The ability to adapt to low-nutrient microenvironments is essential for tumor cell survival and progression in solid cancers, such as colorectal carcinoma (CRC). Signaling by the NF-κB transcription factor pathway associates with advanced disease stages and shorter survival in patients with CRC. NF-κB has been shown to drive tumor-promoting inflammation, cancer cell survival, and intestinal epithelial cell (IEC) dedifferentiation in mouse models of CRC. However, whether NF-κB affects the metabolic adaptations that fuel aggressive disease in patients with CRC is unknown. Here, we identified carboxylesterase 1 (CES1) as an essential NF-κB–regulated lipase linking obesity-associated inflammation with fat metabolism and adaptation to energy stress in aggressive CRC. CES1 promoted CRC cell survival via cell-autonomous mechanisms that fuel fatty acid oxidation (FAO) and prevent the toxic build-up of triacylglycerols. We found that elevated CES1 expression correlated with worse outcomes in overweight patients with CRC. Accordingly, NF-κB drove CES1 expression in CRC consensus molecular subtype 4 (CMS4), which is associated with obesity, stemness, and inflammation. CES1 was also upregulated by gene amplifications of its transcriptional regulator HNF4A in CMS2 tumors, reinforcing its clinical relevance as a driver of CRC. This subtype-based distribution and unfavorable prognostic correlation distinguished CES1 from other intracellular triacylglycerol lipases and suggest CES1 could provide a route to treat aggressive CRC.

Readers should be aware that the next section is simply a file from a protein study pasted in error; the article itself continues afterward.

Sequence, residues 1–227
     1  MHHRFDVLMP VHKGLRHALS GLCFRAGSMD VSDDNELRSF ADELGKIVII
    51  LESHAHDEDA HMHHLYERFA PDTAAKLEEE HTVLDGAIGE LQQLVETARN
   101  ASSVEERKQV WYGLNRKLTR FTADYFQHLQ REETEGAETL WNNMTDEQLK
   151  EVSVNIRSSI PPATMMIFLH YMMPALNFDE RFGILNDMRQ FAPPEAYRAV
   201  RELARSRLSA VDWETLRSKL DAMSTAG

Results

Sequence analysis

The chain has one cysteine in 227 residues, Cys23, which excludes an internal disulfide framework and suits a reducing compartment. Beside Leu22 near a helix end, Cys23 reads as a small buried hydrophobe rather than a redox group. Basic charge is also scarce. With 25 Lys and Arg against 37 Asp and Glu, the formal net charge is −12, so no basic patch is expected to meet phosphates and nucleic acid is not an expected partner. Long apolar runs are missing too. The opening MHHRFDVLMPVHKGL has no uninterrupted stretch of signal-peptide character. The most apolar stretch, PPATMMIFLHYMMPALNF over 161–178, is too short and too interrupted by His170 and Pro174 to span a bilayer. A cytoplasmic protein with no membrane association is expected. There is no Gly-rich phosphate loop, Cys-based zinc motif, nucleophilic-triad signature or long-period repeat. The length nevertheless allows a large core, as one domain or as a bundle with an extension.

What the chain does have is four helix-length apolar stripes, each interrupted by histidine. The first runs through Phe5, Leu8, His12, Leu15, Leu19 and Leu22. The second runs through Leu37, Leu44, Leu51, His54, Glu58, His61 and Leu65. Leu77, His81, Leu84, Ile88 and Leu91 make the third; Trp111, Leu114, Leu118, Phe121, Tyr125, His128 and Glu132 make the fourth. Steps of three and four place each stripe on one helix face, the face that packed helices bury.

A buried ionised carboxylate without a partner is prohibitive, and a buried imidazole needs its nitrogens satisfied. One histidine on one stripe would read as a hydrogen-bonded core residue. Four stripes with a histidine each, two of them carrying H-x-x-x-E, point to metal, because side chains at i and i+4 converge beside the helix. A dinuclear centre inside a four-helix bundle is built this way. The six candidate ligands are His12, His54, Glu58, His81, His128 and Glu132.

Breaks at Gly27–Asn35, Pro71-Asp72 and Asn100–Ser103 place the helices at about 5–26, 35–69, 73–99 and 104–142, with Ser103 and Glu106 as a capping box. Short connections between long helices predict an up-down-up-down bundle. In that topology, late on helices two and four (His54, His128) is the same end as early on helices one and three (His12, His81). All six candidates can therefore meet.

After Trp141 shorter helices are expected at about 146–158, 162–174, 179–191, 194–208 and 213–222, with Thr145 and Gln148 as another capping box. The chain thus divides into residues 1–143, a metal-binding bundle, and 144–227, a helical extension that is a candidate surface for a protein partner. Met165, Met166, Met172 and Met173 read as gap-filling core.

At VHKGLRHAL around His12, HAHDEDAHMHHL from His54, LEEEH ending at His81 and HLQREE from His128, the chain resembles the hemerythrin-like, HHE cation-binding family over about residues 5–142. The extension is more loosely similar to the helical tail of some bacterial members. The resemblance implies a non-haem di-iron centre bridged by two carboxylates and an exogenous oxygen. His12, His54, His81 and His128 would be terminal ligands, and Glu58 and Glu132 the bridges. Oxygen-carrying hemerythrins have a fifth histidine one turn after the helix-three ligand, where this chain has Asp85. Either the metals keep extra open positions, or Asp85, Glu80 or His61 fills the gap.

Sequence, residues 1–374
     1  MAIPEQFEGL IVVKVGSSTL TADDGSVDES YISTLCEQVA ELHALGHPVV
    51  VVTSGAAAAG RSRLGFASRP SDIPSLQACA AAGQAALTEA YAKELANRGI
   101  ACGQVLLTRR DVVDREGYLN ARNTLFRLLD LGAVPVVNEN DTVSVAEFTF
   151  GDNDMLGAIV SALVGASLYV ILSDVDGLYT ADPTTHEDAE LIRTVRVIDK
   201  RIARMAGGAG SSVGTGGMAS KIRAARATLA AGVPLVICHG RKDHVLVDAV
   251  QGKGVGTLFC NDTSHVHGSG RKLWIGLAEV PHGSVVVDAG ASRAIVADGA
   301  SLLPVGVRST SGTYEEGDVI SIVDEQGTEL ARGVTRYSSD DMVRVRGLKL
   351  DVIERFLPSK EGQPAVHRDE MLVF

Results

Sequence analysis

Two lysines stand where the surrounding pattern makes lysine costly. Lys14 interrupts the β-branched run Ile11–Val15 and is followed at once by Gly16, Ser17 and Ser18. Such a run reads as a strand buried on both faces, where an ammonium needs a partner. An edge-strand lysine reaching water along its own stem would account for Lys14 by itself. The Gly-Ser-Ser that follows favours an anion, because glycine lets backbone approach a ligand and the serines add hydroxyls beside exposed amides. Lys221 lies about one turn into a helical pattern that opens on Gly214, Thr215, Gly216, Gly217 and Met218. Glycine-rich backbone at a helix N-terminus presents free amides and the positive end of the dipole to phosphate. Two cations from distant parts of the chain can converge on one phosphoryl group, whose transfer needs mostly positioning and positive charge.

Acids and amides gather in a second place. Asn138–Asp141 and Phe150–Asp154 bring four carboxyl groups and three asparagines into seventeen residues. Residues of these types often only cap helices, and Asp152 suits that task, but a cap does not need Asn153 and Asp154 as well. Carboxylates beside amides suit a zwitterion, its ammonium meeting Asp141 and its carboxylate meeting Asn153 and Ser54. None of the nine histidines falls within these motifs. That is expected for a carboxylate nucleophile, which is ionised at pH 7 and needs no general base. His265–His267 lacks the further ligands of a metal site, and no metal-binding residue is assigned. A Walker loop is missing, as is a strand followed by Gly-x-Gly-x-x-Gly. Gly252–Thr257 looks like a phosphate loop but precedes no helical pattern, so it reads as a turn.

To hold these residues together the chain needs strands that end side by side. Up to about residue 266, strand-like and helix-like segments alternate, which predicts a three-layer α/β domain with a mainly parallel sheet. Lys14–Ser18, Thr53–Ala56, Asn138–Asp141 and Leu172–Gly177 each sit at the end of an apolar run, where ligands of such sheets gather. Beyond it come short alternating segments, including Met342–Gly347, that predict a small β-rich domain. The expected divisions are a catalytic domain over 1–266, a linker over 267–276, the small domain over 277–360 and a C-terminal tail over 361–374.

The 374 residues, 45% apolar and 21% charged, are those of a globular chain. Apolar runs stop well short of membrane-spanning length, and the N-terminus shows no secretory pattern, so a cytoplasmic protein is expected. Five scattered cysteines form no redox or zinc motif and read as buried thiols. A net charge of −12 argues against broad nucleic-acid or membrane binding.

Daria Capece, Daniel D’Andrea, Federica Begalli, Laura Goracci, Laura Tornatore, James L. Alexander, Alessandra Di Veroli, Shi-Chi Leow, Thamil S. Vaiyapuri, James K. Ellis, Daniela Verzella, Jason Bennett, Luca Savino, Yue Ma, James S. McKenzie, Maria Luisa Doria, Sam E. Mason, Kern Rei Chng, Hector C. Keun, Gary Frost, Vinay Tergaonkar, Katarzyna Broniowska, Walter Stunkel, Zoltan Takats, James M. Kinross, Gabriele Cruciani, Guido Franzoso
NF-κB inhibition impairs oxidative FFA metabolism and CRC cell survival during starvation.